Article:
Motifs are recurring structures, contrasts, or literary devices that can help to develop and inform the text’s major themes.
The romance between Rachel and Cates complicates Rachel’s personal development and frames the main conflict of the play—fundamentalism versus freedom of thought—in a personal light. The playwrights portray Reverend Brown, Rachel’s father and the community’s religious leader, as cruel and heartless. The preacher not only frightens Rachel from a young age but also publicly damns her soul for supporting Cates. Meanwhile, Cates, who teaches evolution to his students and has doubts about religion, stands in bold opposition to Rachel’s father and his views. These two characters test Rachel’s loyalties throughout the play. Rachel’s separation from her father and allegiance with Cates at the end of the trial shows how she resolves this conflict on a personal level, making a story about the politics of ideas a love story as well.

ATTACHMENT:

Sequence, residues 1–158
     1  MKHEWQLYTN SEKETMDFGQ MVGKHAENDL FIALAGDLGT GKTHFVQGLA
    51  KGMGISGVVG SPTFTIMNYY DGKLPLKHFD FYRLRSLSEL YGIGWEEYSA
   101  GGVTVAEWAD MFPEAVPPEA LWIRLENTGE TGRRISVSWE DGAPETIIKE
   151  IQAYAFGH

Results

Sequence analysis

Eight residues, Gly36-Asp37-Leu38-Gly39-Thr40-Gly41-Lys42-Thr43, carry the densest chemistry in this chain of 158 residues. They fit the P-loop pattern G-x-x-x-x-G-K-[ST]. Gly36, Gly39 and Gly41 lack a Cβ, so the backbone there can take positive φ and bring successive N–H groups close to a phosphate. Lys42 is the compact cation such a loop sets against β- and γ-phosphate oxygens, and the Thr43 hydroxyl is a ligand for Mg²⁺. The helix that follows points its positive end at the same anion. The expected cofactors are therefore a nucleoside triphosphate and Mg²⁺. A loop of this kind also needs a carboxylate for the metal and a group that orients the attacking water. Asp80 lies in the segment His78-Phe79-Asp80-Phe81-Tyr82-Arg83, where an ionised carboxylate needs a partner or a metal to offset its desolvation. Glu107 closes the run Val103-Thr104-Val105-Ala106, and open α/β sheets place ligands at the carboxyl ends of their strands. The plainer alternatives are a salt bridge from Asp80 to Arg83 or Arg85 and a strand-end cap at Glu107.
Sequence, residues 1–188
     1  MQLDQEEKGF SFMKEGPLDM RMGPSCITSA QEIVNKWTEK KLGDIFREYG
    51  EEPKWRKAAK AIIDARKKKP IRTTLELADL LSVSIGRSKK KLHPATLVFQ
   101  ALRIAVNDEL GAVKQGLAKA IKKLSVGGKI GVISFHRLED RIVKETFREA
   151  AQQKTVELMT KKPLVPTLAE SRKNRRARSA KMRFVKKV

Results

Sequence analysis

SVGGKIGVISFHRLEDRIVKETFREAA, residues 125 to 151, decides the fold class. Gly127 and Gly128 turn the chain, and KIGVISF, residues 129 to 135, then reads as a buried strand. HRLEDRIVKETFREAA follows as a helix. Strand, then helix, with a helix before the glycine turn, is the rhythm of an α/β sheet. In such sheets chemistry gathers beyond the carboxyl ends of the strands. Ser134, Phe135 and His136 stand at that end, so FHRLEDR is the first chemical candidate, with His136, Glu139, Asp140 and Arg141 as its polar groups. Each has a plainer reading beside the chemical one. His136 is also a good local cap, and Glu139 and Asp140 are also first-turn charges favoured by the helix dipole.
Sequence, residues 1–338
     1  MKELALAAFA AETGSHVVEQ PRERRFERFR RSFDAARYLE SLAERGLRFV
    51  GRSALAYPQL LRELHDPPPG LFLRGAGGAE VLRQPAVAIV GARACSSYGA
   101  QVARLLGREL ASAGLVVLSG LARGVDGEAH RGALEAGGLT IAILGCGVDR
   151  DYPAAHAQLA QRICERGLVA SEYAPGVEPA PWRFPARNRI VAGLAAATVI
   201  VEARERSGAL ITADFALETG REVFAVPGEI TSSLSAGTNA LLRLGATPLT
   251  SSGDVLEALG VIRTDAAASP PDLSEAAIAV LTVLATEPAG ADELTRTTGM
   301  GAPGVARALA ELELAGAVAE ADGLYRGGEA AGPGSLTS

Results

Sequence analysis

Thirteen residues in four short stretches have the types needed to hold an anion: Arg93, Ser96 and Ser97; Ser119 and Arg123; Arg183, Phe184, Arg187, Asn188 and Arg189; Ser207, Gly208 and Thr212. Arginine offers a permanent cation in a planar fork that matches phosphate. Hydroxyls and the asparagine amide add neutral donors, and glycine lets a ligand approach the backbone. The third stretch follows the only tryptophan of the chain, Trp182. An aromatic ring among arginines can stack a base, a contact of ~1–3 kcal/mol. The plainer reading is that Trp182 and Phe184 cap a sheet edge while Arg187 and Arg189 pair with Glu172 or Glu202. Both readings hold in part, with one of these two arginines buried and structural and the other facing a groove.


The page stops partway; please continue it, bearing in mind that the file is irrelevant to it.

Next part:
The playwrights draw on a traditional dramatic device, the chorus, to underscore the main themes of Inherit the Wind. The chorus, which has its origins in ancient Greek theater, is a group of characters who deliver lines—typically sung in verse—that comment on the action of the play and predict the future. In Inherit the Wind, the playwrights consolidate this traditional chorus into a single chorus character, the Baltimore Herald reporter E. K. Hornbeck. Hornbeck’s lines appear in poetic form, and his musings, which originally seem extreme, eventually prove accurate and insightful. His presence also highlights the differences between North and South as well as between urban and rural environments. Hornbeck stands in for the real-life Baltimore journalist H. L. Mencken, one of the most popular journalists in American history, whose coverage of the Scopes Monkey Trial electrified the nation.